We don’t know whether the Dodgers and Toronto Blue Jays are the two finalists to sign Shohei Ohtani. We don’t know much about Ohtani’s free agency, by design.
But we do know that Ohtani has met with the Dodgers and Blue Jays in recent days, and that was enough to spark what turned into an international debate.
On Wednesday, on the Dodgers-owned SportsNet LA channel, analyst and former Dodgers player Jerry Hairston Jr. made his pitch for Ohtani to sign with the Dodgers. On Thursday, on Toronto’s legendary morning show “Breakfast Television,” host Sid Seixeiro shared part of Hairston’s pitch with his viewers.
“He is talking directly to Shohei Ohtani … trying to make the case to sign with the Dodgers while insulting this entire country,” Seixeiro said. “Try and digest this with your corn flakes.”
Good morning, Canada! Let’s take this point by counterpoint:
Hairston: “You’d have to listen to two national anthems.”
Seixeiro: “Listening to two national anthems is great. You know why? You get to hear the American one, and then you get to hear the better one.”
Winner: Toronto. The Canadian anthem is superior (try singing both). But, since Ohtani grew up in Japan, there is no allegiance here either way.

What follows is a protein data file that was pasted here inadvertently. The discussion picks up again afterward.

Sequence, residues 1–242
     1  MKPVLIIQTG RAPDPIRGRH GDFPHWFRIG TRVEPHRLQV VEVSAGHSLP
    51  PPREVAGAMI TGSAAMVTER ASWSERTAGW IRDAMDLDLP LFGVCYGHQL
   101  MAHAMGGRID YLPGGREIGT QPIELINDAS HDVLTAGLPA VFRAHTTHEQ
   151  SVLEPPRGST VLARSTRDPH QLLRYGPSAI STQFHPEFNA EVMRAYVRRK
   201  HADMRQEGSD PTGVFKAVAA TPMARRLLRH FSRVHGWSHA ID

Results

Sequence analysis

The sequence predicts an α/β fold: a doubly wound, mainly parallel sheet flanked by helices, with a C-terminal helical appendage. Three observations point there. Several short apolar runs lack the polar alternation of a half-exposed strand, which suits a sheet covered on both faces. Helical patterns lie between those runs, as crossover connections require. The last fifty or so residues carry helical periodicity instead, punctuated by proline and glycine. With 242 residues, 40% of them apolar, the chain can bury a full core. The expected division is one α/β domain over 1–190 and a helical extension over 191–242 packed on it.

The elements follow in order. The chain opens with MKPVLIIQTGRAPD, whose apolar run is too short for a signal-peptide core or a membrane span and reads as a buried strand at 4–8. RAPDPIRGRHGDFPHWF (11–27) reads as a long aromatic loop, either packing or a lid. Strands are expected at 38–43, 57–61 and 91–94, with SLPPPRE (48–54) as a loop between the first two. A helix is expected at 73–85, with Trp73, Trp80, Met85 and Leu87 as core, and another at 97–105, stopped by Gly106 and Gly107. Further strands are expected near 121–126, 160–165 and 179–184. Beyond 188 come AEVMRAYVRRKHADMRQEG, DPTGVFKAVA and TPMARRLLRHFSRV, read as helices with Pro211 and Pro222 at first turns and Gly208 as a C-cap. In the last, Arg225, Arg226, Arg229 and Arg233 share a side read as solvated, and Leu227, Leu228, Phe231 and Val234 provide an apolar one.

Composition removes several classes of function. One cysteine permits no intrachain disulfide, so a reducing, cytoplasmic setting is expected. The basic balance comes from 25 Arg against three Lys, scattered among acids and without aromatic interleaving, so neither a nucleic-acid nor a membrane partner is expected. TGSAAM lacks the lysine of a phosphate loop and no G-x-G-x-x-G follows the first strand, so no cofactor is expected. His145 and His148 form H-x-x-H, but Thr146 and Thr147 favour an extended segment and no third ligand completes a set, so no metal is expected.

Hairston: “The taxes would crush you.”
Seixeiro: “Yeah, we got taxes up in Canada, but California has the fifth-highest taxes out of any state in America.”
Winner: Draw. Ohtani is expected to receive the largest contract in North American sports history, and he’ll pay a ton of taxes in L.A. or Toronto. If he signed with a team in a state with no income tax — say, Texas — this might matter.
Hairston: “Canada is too cold, man.”
Seixeiro: “Yeah, it’s cold in Canada a little bit. You know what? It also snows in California, last time I checked. And, based on what Hollywood has told me, the great earthquake is coming at any point, and you don’t want to be around any part of Los Angeles when that happens.
Winner: L.A. The Blue Jays have a dome, but the Dodgers don’t play in Big Bear. And we’ve been waiting for the Big One for 300 years.
Hairston: “In your lovely Newport Beach home, you can commute — if you want to stay there — to Dodger Stadium every single night.”
Seixiero: “The worst traffic in the world is in Los Angeles. Even if you’re 10 kilometers away, it’s still going to take you eight hours to get to work every day.”
Winner: Toronto. The traffic in Toronto is terrible too, but mass transit there goes directly to the ballpark. Freddie Freeman tried commuting from Orange County to Dodger Stadium; he gave up after one year and bought a home in Studio City. And Ohtani could live in the hotel built into the Blue Jays’ stadium, or walk from any of the luxury condominium complexes dotting the adjacent waterfront.
Hairston: “I guarantee you, every single year, you’re going to have a chance to play in the postseason, win a World Series — hopefully, rings, plural.”
Seixeiro: “Oh, we’re going to talk about rings? We’re going to talk about titles? Since 1992, who has won more titles? The Jays or the Dodgers? Jays have two. Dodgers have … not two.”
Winner: L.A. Ridiculous cherry-picking. Since 1994, the Dodgers have won more titles than the Jays. Since the Jays were born in 1977, the Dodgers have won three titles and the Jays have won … not three.